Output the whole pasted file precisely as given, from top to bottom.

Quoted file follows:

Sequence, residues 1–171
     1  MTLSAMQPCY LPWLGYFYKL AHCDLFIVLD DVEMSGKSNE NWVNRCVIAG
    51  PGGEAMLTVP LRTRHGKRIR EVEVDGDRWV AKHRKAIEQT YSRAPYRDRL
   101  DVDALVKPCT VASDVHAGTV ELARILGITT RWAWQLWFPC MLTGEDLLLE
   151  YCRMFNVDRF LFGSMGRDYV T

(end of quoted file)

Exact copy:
Sequence, residues 1–171
     1  MTLSAMQPCY LPWLGYFYKL AHCDLFIVLD DVEMSGKSNE NWVNRCVIAG
    51  PGGEAMLTVP LRTRHGKRIR EVEVDGDRWV AKHRKAIEQT YSRAPYRDRL
   101  DVDALVKPCT VASDVHAGTV ELARILGITT RWAWQLWFPC MLTGEDLLLE
   151  YCRMFNVDRF LFGSMGRDYV T